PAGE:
Gordon Back Home In Indy
August 5, 2001 | 12:00 A.M. EST
Those three drivers have each won the Indianapolis 500 four times, making them the biggest stars of the world’s biggest race.
Jeff Gordon was already a superstar, but Sunday’s Brickyard 400 victory clearly places him among the elite drivers to have competed at Indy in the track’s storied 90-year history.
NASCAR’s Winston Cup Series has raced at the Brickyard only eight times. Gordon, after pulling off a late-race charge Sunday, now has three victories. Oh, by the way, it took 25 years for the Indy 500 to have a three-time winner – Louis Meyer.
“I knew Ray Harroun. Mr. Meyer, I’m not familiar with,” Gordon said. “I would imagine he won three races here. That’s great.
“It’s just a great feeling to win here at Indianapolis. I love this place. It’s a dream come true for me to compete. I thought it would be in an open-wheel car, but there’s nothing sweeter to me than doing it in a stock car.”
Gordon became a three-time Brickyard 400 winner Sunday, using some solid pit strategy by crew chief Robbie Loomis to get to second place, then charging by Sterling Marlin with 24 laps to go.
“This has just been a phenomenal day,” said Gordon, who celebrated his 30th birthday Saturday. “It feels unbelievable to just hear these people cheer us on. I love Indianapolis and I love the state of Indiana, it’s just been so good to us.
“Sometimes things just work in your favor, and it did today. I didn’t think we had the car to do it. I don’t race for statistics. I just race to win. If we win, the statistics will come. To win three Brickyard 400s, it’s awesome.”
Loomis himself was a bit choked up after the race.
“It’s really special,” said Loomis said. “We started so bad today (27th), but this crew just worked and worked and worked to get the car better. We’ve really go to count our blessings. I was praying a lot at the end. But I’m just very fortunate to be with this team. This driver is so great and so is this team. This is just unbelievable.”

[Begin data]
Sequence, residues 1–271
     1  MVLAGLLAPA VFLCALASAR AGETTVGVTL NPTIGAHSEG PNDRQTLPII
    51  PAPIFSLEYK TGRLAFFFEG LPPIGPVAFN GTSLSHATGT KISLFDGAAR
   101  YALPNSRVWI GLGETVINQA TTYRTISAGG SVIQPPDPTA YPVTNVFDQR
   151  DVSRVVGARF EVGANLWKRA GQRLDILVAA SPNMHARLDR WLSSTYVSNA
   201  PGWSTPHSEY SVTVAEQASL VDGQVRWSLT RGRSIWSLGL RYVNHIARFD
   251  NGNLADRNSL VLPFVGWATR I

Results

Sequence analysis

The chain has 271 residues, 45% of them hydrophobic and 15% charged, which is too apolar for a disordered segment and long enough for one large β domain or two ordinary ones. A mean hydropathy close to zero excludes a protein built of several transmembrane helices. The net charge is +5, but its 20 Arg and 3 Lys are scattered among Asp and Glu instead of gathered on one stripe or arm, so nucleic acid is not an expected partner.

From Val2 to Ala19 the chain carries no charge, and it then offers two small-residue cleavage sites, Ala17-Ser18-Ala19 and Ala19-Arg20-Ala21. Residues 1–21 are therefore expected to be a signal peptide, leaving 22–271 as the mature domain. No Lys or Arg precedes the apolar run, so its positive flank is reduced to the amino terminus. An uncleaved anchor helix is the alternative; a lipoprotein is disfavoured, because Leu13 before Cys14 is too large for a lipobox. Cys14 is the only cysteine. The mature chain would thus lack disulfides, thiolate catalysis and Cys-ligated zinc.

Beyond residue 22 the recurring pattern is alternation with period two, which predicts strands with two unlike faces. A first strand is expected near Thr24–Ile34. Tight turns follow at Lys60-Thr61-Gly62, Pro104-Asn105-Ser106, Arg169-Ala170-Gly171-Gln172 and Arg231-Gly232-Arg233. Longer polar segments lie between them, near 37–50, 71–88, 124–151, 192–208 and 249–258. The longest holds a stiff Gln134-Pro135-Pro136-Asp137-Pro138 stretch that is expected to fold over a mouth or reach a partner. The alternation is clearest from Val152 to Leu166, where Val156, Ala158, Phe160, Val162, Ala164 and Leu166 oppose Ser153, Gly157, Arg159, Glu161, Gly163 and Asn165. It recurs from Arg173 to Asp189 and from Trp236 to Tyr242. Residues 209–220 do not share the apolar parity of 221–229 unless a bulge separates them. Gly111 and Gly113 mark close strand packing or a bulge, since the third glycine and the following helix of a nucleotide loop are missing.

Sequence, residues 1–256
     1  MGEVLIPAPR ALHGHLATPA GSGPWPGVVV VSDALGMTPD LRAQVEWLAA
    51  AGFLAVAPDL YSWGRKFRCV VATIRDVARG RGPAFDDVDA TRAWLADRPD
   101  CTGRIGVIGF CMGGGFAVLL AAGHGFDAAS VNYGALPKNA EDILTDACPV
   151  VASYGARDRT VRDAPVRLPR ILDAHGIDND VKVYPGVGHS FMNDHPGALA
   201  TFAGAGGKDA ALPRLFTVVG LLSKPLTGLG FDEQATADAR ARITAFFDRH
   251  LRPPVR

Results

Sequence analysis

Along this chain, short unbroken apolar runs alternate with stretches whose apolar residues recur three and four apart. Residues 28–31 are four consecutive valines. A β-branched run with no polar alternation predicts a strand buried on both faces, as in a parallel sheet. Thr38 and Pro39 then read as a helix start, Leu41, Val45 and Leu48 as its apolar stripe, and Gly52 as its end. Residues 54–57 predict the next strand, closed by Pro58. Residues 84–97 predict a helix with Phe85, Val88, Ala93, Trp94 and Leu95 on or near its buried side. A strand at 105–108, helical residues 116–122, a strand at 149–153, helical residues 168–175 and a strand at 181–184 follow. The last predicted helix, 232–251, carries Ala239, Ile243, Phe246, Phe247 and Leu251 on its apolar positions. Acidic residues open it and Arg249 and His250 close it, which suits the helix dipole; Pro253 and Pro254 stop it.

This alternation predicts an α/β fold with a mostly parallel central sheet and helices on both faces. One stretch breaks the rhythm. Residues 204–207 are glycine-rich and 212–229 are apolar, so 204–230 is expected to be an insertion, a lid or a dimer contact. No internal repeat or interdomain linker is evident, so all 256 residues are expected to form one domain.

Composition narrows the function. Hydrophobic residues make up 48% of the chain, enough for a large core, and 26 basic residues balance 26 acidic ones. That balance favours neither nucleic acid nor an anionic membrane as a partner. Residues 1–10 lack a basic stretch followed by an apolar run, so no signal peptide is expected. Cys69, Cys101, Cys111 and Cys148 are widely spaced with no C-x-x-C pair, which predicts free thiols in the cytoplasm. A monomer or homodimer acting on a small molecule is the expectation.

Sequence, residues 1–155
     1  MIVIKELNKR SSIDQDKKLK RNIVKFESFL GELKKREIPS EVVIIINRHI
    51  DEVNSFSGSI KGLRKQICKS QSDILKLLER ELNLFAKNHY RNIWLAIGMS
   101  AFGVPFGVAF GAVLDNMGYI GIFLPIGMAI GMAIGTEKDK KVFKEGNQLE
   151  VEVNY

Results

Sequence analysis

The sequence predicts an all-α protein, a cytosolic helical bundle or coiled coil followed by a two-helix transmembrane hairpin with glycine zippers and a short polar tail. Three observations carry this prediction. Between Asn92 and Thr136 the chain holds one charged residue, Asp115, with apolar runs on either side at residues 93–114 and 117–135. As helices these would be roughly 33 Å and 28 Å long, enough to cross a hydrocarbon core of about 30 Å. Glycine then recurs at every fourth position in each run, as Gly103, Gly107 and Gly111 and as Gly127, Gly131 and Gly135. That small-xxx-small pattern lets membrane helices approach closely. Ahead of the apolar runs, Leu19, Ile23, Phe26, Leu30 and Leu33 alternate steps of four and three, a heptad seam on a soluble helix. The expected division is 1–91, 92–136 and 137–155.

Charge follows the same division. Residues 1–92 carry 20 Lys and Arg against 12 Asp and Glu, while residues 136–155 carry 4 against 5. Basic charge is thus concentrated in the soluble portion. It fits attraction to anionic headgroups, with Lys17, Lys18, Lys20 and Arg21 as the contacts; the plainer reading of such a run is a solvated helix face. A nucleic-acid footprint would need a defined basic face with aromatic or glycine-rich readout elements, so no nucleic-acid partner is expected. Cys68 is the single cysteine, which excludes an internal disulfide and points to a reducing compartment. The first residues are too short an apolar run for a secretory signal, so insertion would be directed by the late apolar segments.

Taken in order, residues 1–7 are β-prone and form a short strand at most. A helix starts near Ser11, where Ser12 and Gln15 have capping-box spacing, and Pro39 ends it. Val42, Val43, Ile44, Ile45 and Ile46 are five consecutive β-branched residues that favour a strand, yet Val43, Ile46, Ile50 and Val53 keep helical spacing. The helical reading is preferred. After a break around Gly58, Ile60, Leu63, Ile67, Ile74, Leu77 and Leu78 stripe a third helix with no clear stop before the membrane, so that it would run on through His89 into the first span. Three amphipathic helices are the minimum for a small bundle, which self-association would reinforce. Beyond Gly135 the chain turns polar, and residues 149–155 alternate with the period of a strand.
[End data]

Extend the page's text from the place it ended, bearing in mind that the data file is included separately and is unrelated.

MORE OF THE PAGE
Marlin, trying to return Dodge to victory lane, finished second, a close .943 seconds behind. Johnny Benson was third, with Rusty Wallace fourth and rookie Kurt Busch fifth. Ward Burton was sixth, followed by Steve Park, Bill Elliott, Ricky Craven and Dale Earnhardt Jr.
Gordon started way back but struggled in the early going, falling outside the Top 25 as his car had handling problems. But Gordon figured the poor handling was because of being buried in the field, and they resisted making huge changes in chassis.
“When we were back there, I was pretty frustrated at times,” Gordon said. “The car wasn’t very good in traffic. We started to make some adjustments, and I realized the adjustments really weren’t doing much. I said to Robbie one time, ‘I want to be careful, not getting is too far out of whack on our setups. All we need to is get up front.’
“That one time, however it worked out, we had come in and the caution came out. Those are the kind of things you’ve got to have happen if you’re going to come to 27th.”
That one time was when Gordon made a green-flag pit stop and returned to the track still on the lead lap. After the caution waved, Gordon remained on the track and moved up to the Top 10 when several cars made stops under the yellow.
“After that, the car just drove great,” Gordon said. “The track position allowed the car to get some clean air, and it started driving for me.”
Park appeared to have the fastest car, but a caution with 29 laps to go changed things dramatically. Park and most of the leaders changed four tires, putting Park a distant eighth on the restart with 25 laps left. Marlin didn’t pit and got the lead, while Gordon and four others changed only right-side tires.
“Our car wasn’t really good on new tires,” Marlin said. “It took four or five laps to come in. That last round, we’d run maybe 12 laps, and we could make it on fuel…the caution came out, and we decided just to stay out and give it our best shot. Here, the slow cars line up on the inside, and it’s really hard to get through the traffic.”
Gordon jumped Marlin as the green flag waved, beating him to the inside of the track as they headed into Turn 1. Gordon completed the pass for the lead and moved a few car-lengths ahead.